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7 Types Of Turbulence That Can Rock Your Flight

Boldmethod

Flying through turbulence can be stressful and fatiguing, so it's good to understand where and how it happens. Here are the 7 most common types of turbulence:

1) Clear Air Turbulence

CAT normally occurs outside of clouds at altitudes above 15,000 feet MSL, and its caused by strong wind shears in the jet stream.

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2) Thermal Turbulence

Localized columns of convective current (picture a rising column of warm air) result from surface heating or cold air moving over warmer ground. For every rising current, there is a compensating downward current usually slower in speed, since it covers a broader area, causing turbulence.

3) Temperature Inversion Turbulence

Even though a temperature inversion produces a stable atmosphere, inversions can cause turbulence at the boundary between the inversion layer and the surrounding atmosphere.

Wikipedia

4) Mechanical Turbulence

When the air near the surface of the Earth flows over obstructions, such as bluffs, hills, mountains, or buildings, the normal horizontal wind flow is disturbed and transformed into a complicated pattern of eddies and other irregular air movements.

5) Frontal Turbulence

Frontal turbulence is caused by lifting of warm air, a frontal surface leading to instability, or the abrupt wind shift between the warm and cold air masses. The most severe cases of frontal turbulence are generally associated with fast-moving cold fronts.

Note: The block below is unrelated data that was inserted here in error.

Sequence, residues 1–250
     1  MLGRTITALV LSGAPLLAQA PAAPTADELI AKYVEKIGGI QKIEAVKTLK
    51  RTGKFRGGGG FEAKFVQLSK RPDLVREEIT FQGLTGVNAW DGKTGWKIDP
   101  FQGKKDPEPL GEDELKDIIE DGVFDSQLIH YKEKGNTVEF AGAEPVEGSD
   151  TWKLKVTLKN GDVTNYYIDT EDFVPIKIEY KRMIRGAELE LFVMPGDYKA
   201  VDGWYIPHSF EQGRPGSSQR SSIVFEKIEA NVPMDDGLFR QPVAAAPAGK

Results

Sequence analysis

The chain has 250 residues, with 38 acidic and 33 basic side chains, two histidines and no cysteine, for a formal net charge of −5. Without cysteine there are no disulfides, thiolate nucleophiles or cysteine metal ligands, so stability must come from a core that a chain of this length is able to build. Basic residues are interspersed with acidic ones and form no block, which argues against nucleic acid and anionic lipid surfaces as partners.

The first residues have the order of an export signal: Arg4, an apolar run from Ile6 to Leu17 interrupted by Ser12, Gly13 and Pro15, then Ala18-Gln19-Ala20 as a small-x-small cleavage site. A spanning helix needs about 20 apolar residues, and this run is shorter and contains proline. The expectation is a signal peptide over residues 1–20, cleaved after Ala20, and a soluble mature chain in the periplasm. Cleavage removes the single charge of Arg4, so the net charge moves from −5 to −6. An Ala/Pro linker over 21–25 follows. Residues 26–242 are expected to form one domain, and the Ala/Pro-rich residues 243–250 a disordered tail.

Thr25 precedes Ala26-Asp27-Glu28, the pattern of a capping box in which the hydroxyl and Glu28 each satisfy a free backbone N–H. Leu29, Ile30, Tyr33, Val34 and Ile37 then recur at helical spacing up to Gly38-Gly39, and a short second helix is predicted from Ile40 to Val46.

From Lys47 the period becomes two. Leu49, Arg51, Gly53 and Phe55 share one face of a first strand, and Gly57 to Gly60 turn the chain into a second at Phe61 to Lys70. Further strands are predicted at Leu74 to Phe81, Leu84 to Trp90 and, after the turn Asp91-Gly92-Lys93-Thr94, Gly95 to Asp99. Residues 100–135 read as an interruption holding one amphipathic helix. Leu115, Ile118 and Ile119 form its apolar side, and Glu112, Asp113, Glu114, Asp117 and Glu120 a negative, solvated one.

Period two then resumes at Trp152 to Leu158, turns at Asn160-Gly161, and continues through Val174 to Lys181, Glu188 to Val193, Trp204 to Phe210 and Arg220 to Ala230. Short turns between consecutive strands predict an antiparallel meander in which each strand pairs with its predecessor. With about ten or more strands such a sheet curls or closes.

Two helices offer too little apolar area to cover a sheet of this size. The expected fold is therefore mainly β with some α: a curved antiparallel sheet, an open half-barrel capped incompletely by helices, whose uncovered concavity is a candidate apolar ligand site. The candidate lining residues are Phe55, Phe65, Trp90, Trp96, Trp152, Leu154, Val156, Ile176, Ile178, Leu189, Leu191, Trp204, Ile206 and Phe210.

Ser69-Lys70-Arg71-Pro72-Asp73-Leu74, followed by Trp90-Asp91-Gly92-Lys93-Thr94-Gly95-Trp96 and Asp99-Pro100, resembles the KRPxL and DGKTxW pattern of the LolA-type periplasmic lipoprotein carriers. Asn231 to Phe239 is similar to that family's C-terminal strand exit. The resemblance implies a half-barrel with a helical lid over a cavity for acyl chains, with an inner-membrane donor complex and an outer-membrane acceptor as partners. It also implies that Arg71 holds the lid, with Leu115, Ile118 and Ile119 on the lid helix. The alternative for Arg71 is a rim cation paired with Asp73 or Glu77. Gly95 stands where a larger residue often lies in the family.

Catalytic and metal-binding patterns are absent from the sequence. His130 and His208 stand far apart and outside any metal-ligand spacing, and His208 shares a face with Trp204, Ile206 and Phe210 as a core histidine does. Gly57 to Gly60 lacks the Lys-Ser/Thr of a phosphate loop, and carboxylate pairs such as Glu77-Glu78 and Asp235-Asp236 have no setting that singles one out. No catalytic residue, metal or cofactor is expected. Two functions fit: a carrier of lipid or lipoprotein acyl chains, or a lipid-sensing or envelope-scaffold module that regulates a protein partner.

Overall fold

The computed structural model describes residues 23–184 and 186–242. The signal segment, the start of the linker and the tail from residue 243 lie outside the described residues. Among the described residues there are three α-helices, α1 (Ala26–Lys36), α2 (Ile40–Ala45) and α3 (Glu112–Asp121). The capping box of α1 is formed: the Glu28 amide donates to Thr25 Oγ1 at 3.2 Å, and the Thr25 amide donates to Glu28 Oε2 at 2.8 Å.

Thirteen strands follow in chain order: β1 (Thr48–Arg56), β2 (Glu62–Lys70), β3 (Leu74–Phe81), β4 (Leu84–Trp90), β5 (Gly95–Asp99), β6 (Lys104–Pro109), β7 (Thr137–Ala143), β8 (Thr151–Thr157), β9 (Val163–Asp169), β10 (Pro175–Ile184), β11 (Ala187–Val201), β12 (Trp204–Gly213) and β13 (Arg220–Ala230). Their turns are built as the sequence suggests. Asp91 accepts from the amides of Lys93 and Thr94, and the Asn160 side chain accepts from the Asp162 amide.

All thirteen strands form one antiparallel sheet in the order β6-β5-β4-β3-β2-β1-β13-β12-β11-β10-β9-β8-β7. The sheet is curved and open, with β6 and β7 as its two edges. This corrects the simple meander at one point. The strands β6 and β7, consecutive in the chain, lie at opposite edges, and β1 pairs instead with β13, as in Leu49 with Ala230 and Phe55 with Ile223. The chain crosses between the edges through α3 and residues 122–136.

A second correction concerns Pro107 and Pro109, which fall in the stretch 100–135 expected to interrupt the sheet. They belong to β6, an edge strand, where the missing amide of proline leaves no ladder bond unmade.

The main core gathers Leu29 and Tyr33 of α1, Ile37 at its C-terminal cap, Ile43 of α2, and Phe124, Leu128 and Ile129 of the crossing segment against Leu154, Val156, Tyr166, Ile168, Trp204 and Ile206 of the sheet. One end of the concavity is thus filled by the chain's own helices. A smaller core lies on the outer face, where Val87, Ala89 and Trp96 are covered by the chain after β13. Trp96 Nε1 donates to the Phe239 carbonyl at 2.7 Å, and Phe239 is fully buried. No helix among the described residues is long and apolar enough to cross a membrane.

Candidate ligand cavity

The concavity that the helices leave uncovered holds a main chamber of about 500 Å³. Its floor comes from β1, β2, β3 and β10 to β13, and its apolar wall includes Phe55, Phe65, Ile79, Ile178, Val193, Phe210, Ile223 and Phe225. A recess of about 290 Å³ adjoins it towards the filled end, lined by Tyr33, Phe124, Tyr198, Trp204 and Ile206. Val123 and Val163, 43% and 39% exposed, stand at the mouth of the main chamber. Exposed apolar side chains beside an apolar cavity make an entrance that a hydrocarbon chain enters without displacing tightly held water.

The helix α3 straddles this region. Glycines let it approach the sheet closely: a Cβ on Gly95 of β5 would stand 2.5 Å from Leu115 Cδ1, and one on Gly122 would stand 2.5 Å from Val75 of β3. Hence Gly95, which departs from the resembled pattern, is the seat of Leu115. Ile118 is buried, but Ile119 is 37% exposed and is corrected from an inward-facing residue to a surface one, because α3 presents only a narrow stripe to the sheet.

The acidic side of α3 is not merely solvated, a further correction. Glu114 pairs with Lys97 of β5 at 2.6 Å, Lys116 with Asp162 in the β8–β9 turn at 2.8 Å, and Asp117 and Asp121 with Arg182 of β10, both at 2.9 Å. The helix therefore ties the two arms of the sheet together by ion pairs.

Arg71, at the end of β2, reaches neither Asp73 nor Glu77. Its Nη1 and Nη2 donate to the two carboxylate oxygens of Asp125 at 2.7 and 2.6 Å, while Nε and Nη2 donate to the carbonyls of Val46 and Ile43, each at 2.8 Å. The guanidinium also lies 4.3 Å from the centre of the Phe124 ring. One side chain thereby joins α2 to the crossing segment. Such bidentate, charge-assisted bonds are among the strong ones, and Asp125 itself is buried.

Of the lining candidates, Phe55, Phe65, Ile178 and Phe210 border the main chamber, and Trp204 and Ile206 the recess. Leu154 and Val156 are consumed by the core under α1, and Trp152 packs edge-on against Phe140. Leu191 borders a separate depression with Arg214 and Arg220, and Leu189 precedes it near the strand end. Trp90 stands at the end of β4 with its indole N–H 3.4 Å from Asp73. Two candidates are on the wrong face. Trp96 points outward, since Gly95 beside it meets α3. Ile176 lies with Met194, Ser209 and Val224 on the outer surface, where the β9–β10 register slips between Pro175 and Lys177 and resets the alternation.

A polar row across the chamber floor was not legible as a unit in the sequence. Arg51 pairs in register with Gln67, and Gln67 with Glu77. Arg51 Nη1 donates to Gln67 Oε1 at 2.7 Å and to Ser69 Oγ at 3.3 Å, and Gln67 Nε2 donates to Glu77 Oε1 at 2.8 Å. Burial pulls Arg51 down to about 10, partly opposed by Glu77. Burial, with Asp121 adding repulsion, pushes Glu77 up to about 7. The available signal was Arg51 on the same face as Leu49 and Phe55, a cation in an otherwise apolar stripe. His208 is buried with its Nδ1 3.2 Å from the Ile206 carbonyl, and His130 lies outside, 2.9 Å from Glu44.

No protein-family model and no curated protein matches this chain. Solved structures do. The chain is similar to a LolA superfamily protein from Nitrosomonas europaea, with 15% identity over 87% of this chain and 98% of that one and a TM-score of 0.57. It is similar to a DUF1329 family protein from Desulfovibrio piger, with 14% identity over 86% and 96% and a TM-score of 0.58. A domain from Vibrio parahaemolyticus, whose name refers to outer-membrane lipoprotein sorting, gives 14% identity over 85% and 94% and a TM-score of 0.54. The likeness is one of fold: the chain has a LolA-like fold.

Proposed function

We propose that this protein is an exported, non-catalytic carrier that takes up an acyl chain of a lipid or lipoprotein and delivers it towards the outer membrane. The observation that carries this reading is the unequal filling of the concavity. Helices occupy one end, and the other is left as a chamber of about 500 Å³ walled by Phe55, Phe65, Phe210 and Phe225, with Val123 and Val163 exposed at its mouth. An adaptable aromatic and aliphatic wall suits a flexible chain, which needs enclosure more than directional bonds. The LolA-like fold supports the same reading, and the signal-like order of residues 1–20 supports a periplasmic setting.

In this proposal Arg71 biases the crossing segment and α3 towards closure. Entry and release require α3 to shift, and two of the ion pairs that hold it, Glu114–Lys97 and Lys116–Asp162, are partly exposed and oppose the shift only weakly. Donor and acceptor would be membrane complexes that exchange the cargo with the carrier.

6) Mountain Wave Turbulence

As air flows over the tops of mountains, traveling down the leeward side, a standing mountain wave is formed and air currents oscillate between altitudes. Mountain waves and turbulence can extend for hundreds of miles downwind of the mountain range.

(Here's what mountain wave can look like from the flight deck...)

Boldmethod

7) Thunderstorm Turbulence

The storm cloud is only the visible portion of a turbulent system in a thunderstorm. But updrafts and downdrafts often extend outside the storm, with severe turbulence possible as much as 15 to 30 miles downwind.

Rwlante

Swayne Martin

Swayne is an editor at Boldmethod, certified flight instructor, and an Embraer 145 First Officer for a regional airline. He graduated as an aviation major from the University of North Dakota in 2018, holds a PIC Type Rating for Cessna Citation Jets (CE-525), and is a former pilot for Mokulele Airlines. He's the author of articles, quizzes and lists on Boldmethod every week. You can reach Swayne at swayne@boldmethod.com, and follow his flying adventures on his YouTube Channel.

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